Endometriosis UK
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Where do you work?


I am coming to a point now where I feel like I am not good enough to do my job anymore. I don't want to give up and I certainly refuse to just not work but my job is demanding and requires me to be on the ball, to give 100% of myself, 100% of the time and more than anything, I am worried that I am going to power through and they are going to tell me that I am not capable of doing the job anymore.

I didn't realise how much endo was effecting me before I was diagnosed with it - my directors asked me if there was something wrong because I kept snapping at people - I laughed when they told me because I am the most placid, happy, laid back person going. Or at least I thought so! I didn't even realise my behaviour until they pointed it out to me.

Anyway, I was just wondering what other endo sufferers do for work. Are there any endo-capatible jobs out there?!




4 Replies

Hi Milliehull,

This might make you feel a bit better. I'm a very hard worker (if I do say so myself) I absolutely love my job!


I am struggling at the moment but my boss has been so fair to me and I've gone from working 4 9hr days to 3 4hr days because at the moment I'm either in too much pain or I'm exhausted.

My boss/occ health have been so accommodating to me and have really strived to meet my needs.

I have a lot of targets in my job role and a lot is a juggling act. This said my occ health have removed the targets (although I expect myself to still hit them)

I honestly think that when I was signed off for 3 1/2 months this is when I was at my worse as I had nothing to fight for.

It really is worth speaking to your boss/occ health and explaining you'd be devastated to leave see if they can offer reduced hours or possibly flexi working so if your having a good day (what's that?) work a full day if your having a bad day do a few hours?

Good luck with it all

Hayley x


Hi Hayley

The problem is that my company is very small, we don't even have an HR department and I work as a PA to three men (Chairman, MD and Sales Director). When they took me on, I replaced their previous PA who was leaving to have a baby and has since returned. When she was due to return, they discussed her new role with me and said that they did not want her as their PA anymore because they need someone full time.

They already expressed their feelings about having a part time or reduced hours type PA to me before they knew I was ill - before I knew even. So I know they would not react very well if I said that I wanted to reduce my hours, they would just say that if I didn't feel that I could do the job then I should leave (perhaps not in those exact words, don't get me wrong their not monsters they just feel that they need someone there as much as possible).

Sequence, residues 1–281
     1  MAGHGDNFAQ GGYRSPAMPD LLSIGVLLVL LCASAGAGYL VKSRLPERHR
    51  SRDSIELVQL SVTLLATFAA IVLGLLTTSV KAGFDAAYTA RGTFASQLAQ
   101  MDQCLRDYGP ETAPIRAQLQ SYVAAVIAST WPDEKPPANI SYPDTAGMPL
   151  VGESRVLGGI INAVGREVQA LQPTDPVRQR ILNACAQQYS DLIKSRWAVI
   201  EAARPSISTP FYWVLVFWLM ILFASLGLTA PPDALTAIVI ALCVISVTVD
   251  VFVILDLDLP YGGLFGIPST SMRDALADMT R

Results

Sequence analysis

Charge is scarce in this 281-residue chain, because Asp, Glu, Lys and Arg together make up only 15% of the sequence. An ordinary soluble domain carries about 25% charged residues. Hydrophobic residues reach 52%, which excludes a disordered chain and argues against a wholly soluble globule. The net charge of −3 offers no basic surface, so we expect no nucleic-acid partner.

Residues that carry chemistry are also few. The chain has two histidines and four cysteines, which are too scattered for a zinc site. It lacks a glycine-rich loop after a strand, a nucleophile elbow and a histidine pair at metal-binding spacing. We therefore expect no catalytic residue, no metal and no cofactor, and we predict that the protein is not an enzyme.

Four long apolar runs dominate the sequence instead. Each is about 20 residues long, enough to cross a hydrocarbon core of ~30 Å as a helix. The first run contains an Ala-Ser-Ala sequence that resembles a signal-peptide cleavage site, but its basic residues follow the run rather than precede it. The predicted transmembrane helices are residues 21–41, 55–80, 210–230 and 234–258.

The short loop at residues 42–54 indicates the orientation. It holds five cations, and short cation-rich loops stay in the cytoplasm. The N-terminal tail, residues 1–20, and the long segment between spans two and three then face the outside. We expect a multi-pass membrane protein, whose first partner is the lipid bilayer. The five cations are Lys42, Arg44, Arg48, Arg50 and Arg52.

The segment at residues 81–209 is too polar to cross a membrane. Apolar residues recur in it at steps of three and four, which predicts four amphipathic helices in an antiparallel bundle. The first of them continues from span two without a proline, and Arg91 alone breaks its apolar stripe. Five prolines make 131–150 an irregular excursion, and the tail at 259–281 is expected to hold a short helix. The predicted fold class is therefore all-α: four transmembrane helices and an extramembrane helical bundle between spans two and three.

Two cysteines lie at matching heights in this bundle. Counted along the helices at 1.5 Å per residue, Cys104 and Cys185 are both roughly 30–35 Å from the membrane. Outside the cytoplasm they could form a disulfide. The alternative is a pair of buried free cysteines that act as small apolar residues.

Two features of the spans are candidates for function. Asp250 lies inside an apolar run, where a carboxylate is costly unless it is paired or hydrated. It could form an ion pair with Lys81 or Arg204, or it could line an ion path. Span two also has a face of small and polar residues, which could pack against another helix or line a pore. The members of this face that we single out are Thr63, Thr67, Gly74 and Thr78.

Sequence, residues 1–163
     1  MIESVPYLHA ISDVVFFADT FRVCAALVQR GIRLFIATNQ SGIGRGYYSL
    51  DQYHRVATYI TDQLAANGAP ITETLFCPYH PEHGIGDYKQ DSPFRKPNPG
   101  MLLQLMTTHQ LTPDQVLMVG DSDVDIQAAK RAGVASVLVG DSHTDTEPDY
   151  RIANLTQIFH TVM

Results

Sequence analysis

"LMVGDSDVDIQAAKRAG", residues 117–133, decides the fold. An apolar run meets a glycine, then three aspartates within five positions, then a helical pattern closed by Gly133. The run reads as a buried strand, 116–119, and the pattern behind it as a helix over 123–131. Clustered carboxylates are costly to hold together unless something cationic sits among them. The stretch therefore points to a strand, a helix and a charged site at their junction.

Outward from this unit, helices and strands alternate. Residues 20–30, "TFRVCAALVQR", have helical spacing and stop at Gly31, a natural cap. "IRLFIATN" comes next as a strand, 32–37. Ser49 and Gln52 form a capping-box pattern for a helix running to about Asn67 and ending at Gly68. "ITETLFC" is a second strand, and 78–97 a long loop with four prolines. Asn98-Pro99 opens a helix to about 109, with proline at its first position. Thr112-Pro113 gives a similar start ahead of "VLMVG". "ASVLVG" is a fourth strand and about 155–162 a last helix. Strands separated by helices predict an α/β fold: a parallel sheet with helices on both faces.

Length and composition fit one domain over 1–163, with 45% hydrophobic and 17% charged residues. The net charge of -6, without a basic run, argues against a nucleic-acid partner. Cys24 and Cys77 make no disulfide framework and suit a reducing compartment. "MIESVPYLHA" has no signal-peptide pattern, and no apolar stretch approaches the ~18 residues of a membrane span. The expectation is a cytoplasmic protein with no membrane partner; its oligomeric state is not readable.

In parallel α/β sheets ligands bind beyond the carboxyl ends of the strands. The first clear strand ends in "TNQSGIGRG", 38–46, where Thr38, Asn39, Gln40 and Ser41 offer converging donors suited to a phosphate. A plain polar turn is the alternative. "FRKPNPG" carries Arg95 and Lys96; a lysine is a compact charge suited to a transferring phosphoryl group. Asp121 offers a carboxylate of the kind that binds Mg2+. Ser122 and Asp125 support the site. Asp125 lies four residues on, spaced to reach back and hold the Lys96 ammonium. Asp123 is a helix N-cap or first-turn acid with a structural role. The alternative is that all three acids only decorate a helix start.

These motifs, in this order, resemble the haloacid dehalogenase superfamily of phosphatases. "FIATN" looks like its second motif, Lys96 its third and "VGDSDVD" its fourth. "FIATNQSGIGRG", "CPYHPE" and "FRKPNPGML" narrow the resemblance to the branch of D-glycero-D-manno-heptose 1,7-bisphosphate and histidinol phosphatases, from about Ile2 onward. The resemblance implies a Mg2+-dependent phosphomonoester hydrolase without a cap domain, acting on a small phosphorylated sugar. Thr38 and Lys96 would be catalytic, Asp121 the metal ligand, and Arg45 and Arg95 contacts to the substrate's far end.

This is why I was wondering what other people do because although my own role might not be suitable for flexi working or reduce hours, there must be some jobs out there that are.

Do you mind me asking what it is that you do?




I am a chef in a nursing home, a bit more structured than commercial outlets, used to work 4 days over 7, one being a 12 hour shift, since my op, had my right ovary removed, endo clusters removed and my womb detached from my bowel, I now do 5 days over 7 and 7 hour shifts, still struggle an early is 7am - 2am, and two of these in a row I am buggered to coin a phrase a late is 12-7pm and I need a day off after this as I find I need 10 hours sleep to function properly.




I struggled with work for a long time because of the fatigue and pain. I now work in a school and find that is much easier as the holidays give me time to recharge and the day starts early but ends early too, which seems to suit me better.

The Mirena has also helped because I don't have the utter exhaustion that the heavy bleeding used to cause.

It's not perfect, obviously, and there are some days when it is really hard, but knowing that I'll get a week at least to collapse and recover every seven weeks or so really helps.


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